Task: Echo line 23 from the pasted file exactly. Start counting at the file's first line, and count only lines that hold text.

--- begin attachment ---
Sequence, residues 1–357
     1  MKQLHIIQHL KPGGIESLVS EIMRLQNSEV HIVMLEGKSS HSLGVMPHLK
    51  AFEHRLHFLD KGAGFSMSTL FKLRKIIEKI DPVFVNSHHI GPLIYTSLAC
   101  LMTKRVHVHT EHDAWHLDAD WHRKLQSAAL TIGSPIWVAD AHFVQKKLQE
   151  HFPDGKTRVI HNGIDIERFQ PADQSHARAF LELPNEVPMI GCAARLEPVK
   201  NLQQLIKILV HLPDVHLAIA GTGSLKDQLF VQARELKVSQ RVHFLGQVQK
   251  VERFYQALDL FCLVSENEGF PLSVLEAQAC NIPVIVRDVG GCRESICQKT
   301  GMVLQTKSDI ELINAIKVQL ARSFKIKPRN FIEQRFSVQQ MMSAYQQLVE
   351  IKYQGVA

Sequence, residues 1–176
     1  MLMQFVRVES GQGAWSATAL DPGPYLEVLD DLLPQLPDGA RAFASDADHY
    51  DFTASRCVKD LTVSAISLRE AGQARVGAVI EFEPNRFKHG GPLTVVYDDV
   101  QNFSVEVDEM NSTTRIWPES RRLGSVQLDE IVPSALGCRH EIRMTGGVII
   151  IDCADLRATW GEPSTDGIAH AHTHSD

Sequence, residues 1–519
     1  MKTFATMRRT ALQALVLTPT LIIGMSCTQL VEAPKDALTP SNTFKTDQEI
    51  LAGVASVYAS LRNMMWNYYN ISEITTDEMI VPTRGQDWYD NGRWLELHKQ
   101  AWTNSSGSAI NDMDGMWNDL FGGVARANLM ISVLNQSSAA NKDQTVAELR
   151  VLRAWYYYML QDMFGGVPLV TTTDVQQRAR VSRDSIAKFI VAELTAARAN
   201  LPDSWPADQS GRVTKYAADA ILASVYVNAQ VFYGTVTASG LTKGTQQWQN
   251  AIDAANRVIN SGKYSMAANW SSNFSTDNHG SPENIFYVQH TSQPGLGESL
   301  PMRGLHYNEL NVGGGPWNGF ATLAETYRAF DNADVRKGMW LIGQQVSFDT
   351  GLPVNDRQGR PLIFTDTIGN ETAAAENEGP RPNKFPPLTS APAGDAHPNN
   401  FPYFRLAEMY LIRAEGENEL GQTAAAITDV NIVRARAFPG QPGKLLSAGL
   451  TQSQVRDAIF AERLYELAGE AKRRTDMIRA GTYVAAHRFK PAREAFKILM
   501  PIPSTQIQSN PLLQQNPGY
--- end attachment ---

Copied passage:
   351  GLPVNDRQGR PLIFTDTIGN ETAAAENEGP RPNKFPPLTS APAGDAHPNN